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M3 Grease Gun: The World War II Weapon That Made History

M3 Grease Gun
World War II era Guide Lamp M3 Submachinegun with 30-round magazine and other accessories. The Buffalo Arms bolt in this original M3 is dated January 1944.

Officially designated as United States Submachine Gun, Cal. 45, M3, the venerable M3 was officially introduced into service in 1944. As noted by Clare Fitzgerald in a guest column for War History Online: 

“In 1941…the US Army Ordnance Board initiated a study to help develop a replacement for the World War I-era Thompson. Known as the ‘Tommy Gun’ among soldiers, the Thompson was heavy and expensive to produce, due to the amount of steel needed to manufacture it, and officials were looking for a low-cost option.

“Five pre-production models of what would later become the M3 ‘Grease Gun’ were sent to Aberdeen Proving Ground in November 1942 for service trials. By January the following year, the weapon was given the official stamp of approval, allowing production to begin at GM’s Guide Lamp Division.

“Throughout the course of the Second World War, 606,594 M3s were manufactured, with 48,669 of its variant, the M3A1, coming off the production line.” 

The M3 economized on production time and costs by basically taking two pieces of stamped steel and welding them together. By contrast, Tommy Guns used high-grade steel and wood.  

Another cost-saving measure was the elimination of the semi-automatic fire mode — full-auto fire was the only option. However, in order to aid with controllability, the gun was built with the relatively modest cyclic rate of 450 rounds per minute, which equates to 7.5 rounds per second. Contrast this with, say, the 600 rpm rate of fire on the Uzi SMG or the mind-numbing 1,200 rpm on the MAC-10 SMG.  

The Grease Gun did retain two features in common with the Thompson SMG: open-bolt operation and the .45 ACP cartridge, the latter feature allowing for commonality of caliber with the M1911-A1 service pistol.  

Dimensions of the SMG included an empty weight of 8.15 pounds (7.95 lbs for the M3A1 variant), an overall length of 29.1 inches with the stock extended or 21.9 inches with the stock collapsed, and a barrel length of 8 inches. That 8-inch barrel generated a muzzle velocity of 900 feet per second and a maximum effective range of 100 yards.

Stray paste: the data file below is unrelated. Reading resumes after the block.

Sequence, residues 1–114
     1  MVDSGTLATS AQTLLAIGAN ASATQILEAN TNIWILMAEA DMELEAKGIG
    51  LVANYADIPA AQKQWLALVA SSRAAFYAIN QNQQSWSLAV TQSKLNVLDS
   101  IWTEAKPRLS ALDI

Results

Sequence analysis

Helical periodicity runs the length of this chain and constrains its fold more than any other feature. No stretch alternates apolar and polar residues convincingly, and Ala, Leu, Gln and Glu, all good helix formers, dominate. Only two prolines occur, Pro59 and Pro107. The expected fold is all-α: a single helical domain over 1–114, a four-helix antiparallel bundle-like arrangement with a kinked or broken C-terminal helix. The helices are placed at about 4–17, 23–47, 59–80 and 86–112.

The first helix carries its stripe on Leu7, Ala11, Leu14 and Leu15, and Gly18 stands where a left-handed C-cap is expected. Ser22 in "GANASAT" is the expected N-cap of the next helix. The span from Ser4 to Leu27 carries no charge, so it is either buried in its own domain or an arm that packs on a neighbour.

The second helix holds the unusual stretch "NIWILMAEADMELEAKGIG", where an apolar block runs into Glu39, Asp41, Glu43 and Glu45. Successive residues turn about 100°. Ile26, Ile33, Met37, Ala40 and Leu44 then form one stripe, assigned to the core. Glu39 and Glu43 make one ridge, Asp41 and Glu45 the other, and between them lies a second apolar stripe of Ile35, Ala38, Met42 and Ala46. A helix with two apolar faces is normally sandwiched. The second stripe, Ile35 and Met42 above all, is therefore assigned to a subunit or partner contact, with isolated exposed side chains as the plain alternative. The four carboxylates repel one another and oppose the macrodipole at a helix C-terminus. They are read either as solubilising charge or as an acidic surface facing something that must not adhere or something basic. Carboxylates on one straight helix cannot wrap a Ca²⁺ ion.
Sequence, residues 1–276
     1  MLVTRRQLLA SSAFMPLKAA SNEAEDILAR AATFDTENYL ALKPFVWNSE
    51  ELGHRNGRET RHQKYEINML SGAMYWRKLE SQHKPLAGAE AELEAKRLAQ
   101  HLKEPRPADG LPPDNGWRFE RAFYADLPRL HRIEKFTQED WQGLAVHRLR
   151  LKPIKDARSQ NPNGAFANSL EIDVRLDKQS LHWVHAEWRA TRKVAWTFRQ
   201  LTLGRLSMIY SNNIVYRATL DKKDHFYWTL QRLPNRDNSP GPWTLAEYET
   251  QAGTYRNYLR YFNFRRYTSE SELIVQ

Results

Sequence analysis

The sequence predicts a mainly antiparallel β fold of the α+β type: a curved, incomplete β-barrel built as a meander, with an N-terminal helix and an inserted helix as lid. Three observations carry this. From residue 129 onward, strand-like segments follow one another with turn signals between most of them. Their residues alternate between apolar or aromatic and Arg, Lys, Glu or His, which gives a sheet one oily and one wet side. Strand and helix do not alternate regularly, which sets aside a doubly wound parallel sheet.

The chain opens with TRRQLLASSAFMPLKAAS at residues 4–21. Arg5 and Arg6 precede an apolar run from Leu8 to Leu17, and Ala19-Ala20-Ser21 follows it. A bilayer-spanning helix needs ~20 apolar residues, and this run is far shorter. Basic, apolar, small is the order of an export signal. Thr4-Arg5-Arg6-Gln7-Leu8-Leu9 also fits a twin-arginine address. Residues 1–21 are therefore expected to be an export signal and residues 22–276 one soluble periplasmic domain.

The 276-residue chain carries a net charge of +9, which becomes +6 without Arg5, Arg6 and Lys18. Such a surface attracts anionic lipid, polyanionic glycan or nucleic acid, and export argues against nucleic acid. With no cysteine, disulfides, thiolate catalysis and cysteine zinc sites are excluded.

American GIs, particularly paratroopers, Rangers, tankers, and armored infantrymen, came to appreciate the weapon’s portability, stopping power, and reliability.  

Still Going Strong During Desert Storm 

Building on its initial battlefield success in World War II, the M3A1 continued on as the standard U.S. SMG during the Korean War. And although SMGs were far less common with the U.S. Armed Forces by the time of America’s participation in the Vietnam War, the gun was still very much in use with U.S. Army Special Forces, Marine Recon, and America’s allies in the Army of the Republic of Vietnam. It was even the initial SMG of choice of the Army’s elite Delta Force upon that unit’s inception in 1977. During Operation Desert Storm in 1991 — 50 years after the weapon’s initial conceptualization — the Grease Gun was still wielded by American tank crewmen for short-range defensive use.  

M3 Movie Stardom 

Not surprisingly, thanks to its real-world service, this SMG made its fair share of appearances in WWII movies and TV series, among them The Dirty Dozen, Battle of the Bulge, and HBO’s Band of Brothers.  

The Grease Gun even made a cameo of sorts in the most popular sci-fi franchise of all-time. As noted by Peter Suciu, the C96 “Broomhandle” Mauser semi-auto pistol “was dressed up in Star Wars and with the addition of a muzzle cone from an M3 ‘Grease Gun’ and Hensoldt Wetzlar Dialyt 3x scope it became the BlasTech DL-44. It was carried by intergalactic rogue Han Solo (Harrison Ford) and Jedi-in-training Luke Skywalker (Mark Hamill).”  

Not even Dirty Harry’s Smith & Wesson Model 29 .44 Magnum or James Bond’s Walther PPK .32 ACP can top that particular cinematic claim to fame! 

Want Your Own? 

If you’re willing and able to deal with the bureaucratic headaches and the expense of obtaining a Federal Firearms License (FFL) and ATF Form 4 necessary to legally obtain fully automatic weapons in the U.S, then be ready to break out your bankbook: Midwest Tactical Inc. is selling genuine WWII-vintage M3s ranging from $20,000 to $38,000. If, on the other hand, you’re willing to settle for replicas/recreations, Valkyrie Arms, Ltd. lists a carbine version for $1,350 / $1,550 (wholesale / MSRP). 

Christian D. Orr has 33 years of shooting experience, starting at the tender age of 14. His marksmanship accomplishments include: the Air Force Small Arms Ribbon w/one device (for M16A2 rifle and M9 pistol); Pistol Expert Ratings from U.S. Customs & Border Protection (CBP), Immigration & Customs Enforcement (ICE), and the Federal Law Enforcement Training Center (FLETC) Criminal Investigator Training Program (CITP); multiple medals and trophies via the Glock Sport Shooting Foundation (GSSF) and the Nevada Police & Fires Games (NPAF). Chris has been an NRA Certified Basic Pistol Instructor since 2011.  In his spare time, he enjoys (besides shooting, obviously) dining out, cigars, Irish and British pubs, travel, USC Trojans college football, and Washington DC professional sports. If you’d like to pick his brain in-person about his writings, chances are you’ll be able to find him at the Green Turtle Pasadena in Maryland on Friday nights, singing his favorite karaoke tunes. 

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Written By

Christian D. Orr is a former Air Force officer, Federal law enforcement officer, and private military contractor (with assignments worked in Iraq, the United Arab Emirates, Kosovo, Japan, Germany, and the Pentagon).